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Carpenter knew early on where he wanted to go, and his life as a soldier grew out of the most wounding trauma of his childhood years. He was born in Woodbury, N.J., in 1937, the only child of a semipro football player and car salesman, William ST., and his wife, Helen. "I never got up during the night with that child," says Helen. "His daddy always did: 'You have him all day; he's mine at night.' "
After the Army drafted William in 1944, at age 36, he and the boy exchanged letters frequently. On April 11, 1945, one month before the war ended in Europe, Carpenter was killed by a German artillery round. The boy was 7½. "I was worried about him," says Helen. "I knew he was grieving inwardly. He wasn't eating like he should, he wasn't playing like he should, he wasn't himself."
Helen remarried in 1947—gentle Clifford Dunn would soon become the comptroller at the Philadelphia Navy Yard—and the man and the boy became like father and son. Carpenter recalls listening to Army football games on the radio in the days of Blanchard and Davis, and those games drew him toward football and the Point. At Springfield High, outside Philadelphia, he was a sprinter with 9.9 speed in the 100-yard dash and, at 6'2", 200 pounds, a halfback in football with strength and sure hands.
A score of colleges pursued him as a player, but all it took was one visit to West Point and the issue was settled. Those were still glory days for Army football, when the Army-Navy game was treated like Armageddon and Army football heroes glowed in the dark. In the season of 1958, Carpenter's junior year, no player glowed brighter than halfback Pete Dawkins—captain of the corps of cadets, captain of an undefeated team (8-0-1) and winner of the Heisman Trophy. Carpenter, not a man to mince words, says, "I think Pete was vastly overrated. There were seven or eight players who were better. Bill Rowe and Bob Novogratz were great linemen, and Bob Anderson was a better halfback." End Don Usry, he says, was the team's best all-around player.
Army was ranked third nationally in '58. Pittsburgh held the Black Knights to a 14-14 tie, but they whipped Penn State 26-0 and Notre Dame 14-2. That year coach Earl (Red) Blaik introduced him as the Lonely End. Sportswriter Stanley Woodward was the first to use the term in print, and it gradually evolved into the Lonesome End over Blaik's protestations.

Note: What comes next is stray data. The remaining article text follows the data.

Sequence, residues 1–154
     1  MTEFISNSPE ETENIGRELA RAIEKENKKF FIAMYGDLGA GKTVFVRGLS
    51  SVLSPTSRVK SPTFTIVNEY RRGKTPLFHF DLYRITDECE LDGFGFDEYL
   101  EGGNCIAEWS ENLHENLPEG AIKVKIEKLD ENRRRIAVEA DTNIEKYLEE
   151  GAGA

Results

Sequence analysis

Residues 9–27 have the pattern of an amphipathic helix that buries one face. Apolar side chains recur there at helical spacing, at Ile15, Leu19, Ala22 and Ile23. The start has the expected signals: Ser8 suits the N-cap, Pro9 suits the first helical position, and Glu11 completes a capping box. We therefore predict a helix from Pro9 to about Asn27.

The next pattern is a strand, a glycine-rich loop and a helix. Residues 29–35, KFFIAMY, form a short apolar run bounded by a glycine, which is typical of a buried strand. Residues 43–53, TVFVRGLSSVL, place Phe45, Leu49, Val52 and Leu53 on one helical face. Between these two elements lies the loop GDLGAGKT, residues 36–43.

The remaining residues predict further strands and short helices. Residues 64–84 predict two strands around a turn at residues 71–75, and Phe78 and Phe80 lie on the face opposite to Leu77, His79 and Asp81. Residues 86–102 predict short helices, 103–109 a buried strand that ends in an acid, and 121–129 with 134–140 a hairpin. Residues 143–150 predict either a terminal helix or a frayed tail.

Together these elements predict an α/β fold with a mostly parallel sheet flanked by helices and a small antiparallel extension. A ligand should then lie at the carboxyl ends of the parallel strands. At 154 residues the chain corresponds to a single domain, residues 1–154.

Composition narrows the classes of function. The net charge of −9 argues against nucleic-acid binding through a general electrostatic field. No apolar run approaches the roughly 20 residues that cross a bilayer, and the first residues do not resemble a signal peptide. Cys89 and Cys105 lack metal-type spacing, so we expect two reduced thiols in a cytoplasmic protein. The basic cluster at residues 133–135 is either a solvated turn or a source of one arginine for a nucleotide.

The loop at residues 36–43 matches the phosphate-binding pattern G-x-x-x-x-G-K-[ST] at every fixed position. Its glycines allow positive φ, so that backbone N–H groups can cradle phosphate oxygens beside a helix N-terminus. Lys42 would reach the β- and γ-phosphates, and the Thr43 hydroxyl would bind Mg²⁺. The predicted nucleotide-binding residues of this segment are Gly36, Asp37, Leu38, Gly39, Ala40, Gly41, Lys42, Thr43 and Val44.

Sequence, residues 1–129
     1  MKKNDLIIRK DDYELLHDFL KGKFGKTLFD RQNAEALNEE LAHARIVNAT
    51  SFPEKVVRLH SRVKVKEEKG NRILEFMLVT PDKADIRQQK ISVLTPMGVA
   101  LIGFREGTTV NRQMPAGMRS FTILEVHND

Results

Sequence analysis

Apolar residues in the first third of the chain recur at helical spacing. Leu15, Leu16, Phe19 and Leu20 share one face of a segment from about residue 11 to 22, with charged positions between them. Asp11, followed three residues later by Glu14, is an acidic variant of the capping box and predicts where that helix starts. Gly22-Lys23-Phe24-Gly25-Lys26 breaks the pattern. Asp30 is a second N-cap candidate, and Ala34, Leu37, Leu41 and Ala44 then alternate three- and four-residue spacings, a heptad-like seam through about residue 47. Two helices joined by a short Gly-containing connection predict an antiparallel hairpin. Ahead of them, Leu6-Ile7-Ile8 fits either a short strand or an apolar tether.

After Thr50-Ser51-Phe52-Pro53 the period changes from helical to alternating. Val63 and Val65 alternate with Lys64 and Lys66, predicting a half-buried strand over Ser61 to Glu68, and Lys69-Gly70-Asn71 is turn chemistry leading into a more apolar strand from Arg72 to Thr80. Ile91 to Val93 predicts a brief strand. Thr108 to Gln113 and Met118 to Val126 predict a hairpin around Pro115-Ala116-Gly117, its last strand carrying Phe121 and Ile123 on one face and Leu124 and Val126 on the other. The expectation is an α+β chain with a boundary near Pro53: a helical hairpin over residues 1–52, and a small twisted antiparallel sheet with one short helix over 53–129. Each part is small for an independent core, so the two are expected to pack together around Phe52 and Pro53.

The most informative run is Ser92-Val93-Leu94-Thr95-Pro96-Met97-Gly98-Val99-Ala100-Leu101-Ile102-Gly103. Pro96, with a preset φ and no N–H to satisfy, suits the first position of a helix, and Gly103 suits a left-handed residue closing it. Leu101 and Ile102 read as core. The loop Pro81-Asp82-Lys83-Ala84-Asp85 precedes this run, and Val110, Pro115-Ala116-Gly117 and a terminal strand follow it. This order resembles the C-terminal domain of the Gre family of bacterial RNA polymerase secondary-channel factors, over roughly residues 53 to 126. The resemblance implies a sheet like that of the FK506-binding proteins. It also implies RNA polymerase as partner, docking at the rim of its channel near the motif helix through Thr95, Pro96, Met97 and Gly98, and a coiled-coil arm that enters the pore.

Blaik decided to keep Carpenter out in the fiat during huddles because he was lining up as a "far flanker," and Blaik feared the young man would wear out dashing back and forth between plays. In '58 Carpenter tied the Army record for receptions in a season, with 22. He gained 453 yards and scored two touchdowns, and on the train ride home after Army had licked Navy 22-6 in the year's final game, the Cadets elected Carpenter their captain for 1959.
It is not a season fondly remembered. Cursed by one injury after another, Army went 4-4-1 under Dale Hall, who had replaced the retired Blaik. Carpenter was everyone's All-America that season, catching 43 passes for 591 yards, both single-season Army records that would last until 1970. His finest hour came against Oklahoma when he grabbed six passes for 67 yards and ran back four kickoffs for 65 yards, playing with one arm strapped down so that he couldn't raise it above his dislocated shoulder. Carpenter's remarkable athletic career at the Point did not end until the spring of 1960, when he was voted an All-America defenseman in lacrosse a year after he first picked up a stick. "He was like a gazelle," says Ace Adams, his coach. "Probably the best pure athlete that I ever coached. Just plain, raw-boned athletic ability."
What Anderson recalls most fondly about Carpenter, his best friend at the Point, has nothing to do with sports. He and Carpenter had made a pact to raise some hell after graduation, but Anderson realized before their senior year even began that those days were not to be. One balmy night the two were sitting on the porch of the boathouse at Camp Buckner, where cadets train during the summer. "Andy, see that girl over there?" Carpenter said. An attractive young woman was passing in review. "I'm going to marry her someday." Toni Vigliotti, a model from nearby Central Valley, was dating a plebe at the time.
"He pursued me," she says. "He really did. He pursued me."
She got her first glimpse of Carpenter's nature when she visited his home in Springfield a few months later. "After we had dinner, the town fire alarm went off," says Toni. "Bill dashed out the door. The next day in the paper was a picture of Bill on the roof of a house with an ax in his hands, ready to break out this second-floor window. The caption said something about 'the Lonesome End working to save someone's life.' "